Lack of investment, scandals, inadequate tactical nous and under-performing teams were never associated with the ‘Italian SerieA’. Unfortunately, a nation once known for perhaps the most tactically sound players is slowly losing its charm. Here is why we believe Italian football is declining.
Lack of investment
Economy wise, Italy doesn’t seem to be in a stable enough position and that has reflected on each and every team within the ‘SerieA’. Lack of economic stability and declining foreign investments have resulted in the lowering of budgets for salaries and transfers. This makes the SerieA an ‘unattractive’ option for the upcoming stars in world football and thus reduces the quality of teams that compete on the European stage.
Napoli, Juventus and Sassuolo are the only teams that are playing attractive football at present. Recently Roma’s match against AC Milan was a brilliant example of two giants of Italy playing an extremely lackluster game of football. The only exciting part of the game was the entry of 39 years old Italy and Roma legend Francisco Totti. A more unambiguous image of the current situation of SerieA was defined by the ‘half-empty’ stadium in this ‘major’ clash in the SerieA.
Reduced number of quality players coming out of the ‘Academies’
Italian under-21 team were disappointing to say the least in the UEFA under 21 championship. The team were not able to qualify through the group stages and only one or two players showed actual promise. Honorable mentions may go to Dominco Berrardi, Allesio Romagnoli and Frederico Viviani who were the three stand out performers in the ‘whole squad’. This is alarming to say the least and it is high time that teams within the SerieA understand that quality footballers need to come through the academies if Italy want to maintain their image in the footballing world.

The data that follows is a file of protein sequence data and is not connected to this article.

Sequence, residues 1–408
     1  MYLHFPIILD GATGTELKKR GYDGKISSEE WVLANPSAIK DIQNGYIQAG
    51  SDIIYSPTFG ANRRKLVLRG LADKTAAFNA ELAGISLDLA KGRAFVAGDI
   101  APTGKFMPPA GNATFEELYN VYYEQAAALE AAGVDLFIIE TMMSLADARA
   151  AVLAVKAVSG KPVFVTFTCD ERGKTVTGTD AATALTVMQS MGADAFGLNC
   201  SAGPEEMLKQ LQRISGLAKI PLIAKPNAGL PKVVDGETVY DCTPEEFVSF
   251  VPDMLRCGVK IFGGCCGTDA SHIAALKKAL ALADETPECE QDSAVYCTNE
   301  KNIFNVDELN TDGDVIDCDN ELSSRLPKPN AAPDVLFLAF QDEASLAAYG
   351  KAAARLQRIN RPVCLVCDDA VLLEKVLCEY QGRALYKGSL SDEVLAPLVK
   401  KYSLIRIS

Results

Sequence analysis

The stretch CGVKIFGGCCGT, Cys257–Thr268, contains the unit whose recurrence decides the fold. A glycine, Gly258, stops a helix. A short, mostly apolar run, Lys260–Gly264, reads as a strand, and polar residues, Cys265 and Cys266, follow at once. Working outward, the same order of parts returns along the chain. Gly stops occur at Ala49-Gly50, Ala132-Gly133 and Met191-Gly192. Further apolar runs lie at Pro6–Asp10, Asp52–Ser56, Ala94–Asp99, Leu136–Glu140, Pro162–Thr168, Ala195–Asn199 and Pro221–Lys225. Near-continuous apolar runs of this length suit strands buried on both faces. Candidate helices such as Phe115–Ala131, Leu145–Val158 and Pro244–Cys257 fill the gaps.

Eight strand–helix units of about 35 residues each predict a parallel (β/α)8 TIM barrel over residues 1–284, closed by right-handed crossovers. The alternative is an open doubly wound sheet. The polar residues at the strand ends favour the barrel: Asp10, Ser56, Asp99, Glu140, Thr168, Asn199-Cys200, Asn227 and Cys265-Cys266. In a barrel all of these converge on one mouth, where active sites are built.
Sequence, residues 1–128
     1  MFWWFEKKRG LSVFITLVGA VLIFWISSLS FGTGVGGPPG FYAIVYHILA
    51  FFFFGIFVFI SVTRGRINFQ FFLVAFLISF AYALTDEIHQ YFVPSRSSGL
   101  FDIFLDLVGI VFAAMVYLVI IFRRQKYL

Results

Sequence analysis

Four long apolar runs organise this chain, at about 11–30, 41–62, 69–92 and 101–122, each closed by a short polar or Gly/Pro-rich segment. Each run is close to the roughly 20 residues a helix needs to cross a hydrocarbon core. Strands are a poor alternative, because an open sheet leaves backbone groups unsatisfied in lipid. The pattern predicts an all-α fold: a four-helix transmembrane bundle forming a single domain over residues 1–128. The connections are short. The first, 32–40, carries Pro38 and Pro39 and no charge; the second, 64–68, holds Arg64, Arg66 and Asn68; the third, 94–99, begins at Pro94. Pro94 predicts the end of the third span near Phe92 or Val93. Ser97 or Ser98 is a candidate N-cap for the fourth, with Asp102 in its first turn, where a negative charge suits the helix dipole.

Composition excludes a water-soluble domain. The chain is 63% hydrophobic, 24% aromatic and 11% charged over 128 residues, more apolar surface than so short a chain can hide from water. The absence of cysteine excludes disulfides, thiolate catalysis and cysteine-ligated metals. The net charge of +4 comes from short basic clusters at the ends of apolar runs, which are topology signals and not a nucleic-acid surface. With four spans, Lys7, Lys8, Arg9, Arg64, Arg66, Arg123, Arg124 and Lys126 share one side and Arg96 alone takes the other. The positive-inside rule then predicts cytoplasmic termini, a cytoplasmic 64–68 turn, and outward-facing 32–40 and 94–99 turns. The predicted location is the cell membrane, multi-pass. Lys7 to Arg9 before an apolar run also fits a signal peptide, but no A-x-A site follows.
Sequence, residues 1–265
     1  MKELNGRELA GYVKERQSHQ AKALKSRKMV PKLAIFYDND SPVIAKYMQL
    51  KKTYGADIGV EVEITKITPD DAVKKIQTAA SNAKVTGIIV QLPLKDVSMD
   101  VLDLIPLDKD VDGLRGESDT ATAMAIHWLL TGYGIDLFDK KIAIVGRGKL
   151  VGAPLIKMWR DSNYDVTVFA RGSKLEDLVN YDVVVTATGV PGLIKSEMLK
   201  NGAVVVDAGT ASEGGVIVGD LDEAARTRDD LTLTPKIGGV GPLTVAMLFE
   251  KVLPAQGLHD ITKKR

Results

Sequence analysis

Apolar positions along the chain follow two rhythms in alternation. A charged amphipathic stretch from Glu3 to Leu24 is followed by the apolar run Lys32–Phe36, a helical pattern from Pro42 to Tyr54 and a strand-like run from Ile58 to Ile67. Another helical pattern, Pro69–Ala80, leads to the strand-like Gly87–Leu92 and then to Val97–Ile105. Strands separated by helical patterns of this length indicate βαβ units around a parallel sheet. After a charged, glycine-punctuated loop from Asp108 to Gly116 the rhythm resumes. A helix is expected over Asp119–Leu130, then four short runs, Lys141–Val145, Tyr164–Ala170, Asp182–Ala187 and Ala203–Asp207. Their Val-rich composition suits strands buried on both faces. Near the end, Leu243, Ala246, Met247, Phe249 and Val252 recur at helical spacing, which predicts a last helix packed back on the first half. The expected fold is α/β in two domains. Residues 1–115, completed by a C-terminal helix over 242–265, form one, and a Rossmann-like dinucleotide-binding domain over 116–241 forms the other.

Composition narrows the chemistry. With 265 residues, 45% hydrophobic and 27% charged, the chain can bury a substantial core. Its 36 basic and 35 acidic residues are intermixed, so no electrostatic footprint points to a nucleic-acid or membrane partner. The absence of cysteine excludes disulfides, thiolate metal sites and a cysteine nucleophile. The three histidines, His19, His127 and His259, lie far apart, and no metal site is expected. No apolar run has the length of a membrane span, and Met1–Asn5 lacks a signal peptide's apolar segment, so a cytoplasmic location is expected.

The passing of Italy’s ‘golden generation’
There was a time when Italy had the strength of Zambrota, Allesandro Nesta and Paolo Cannavaro at the heart of their defense. When they had commitment, mentality and leadership of Paolo Maldini. When they had the decisiveness of a poacher in Fillipo Inzhagi. When they had the skill and precision of Alessandro Del Piero When they had the raw strength of Genaro Gattuso backing up the creativity of Andrea Pirlo who would set up Italy’s ‘sniper’ in Francisco Totti. When they had the protection of Gigi Buffon. When they had the panache and finishing of Alberto Gilardino and finally, when they had the youthfulness and aggression of Danielle De Rossi. These players were a part of Italy’s golden generation and it hurts to state that after members of this team retired, Italian football and Italian national team were just ‘not the same’.
A little light at the end of the tunnel
Gone were the days when there was a Milan side that instilled fears in the hearts of their opponents. Still, last season’s Champions League run of Juventus was a glimmer of hope for all the teams in SerieA. Juventus showed the world that with proper planning and management, every goal can be achieved and paved the way for the likes of Napoli, Sassuolo and Fiorentina to invest in quality players to become competitive.
Andrea Pirlo, Gigi Buffon and Danielle De Rossi have still got a little more in them and with the right mix of players Italy might have a chance to bring back the glory days because the viewers and faithfuls are missing both the Italian team and the Italian clubs in major competitions.
Can the Old lady of Italian Football repeat their Champions League run again?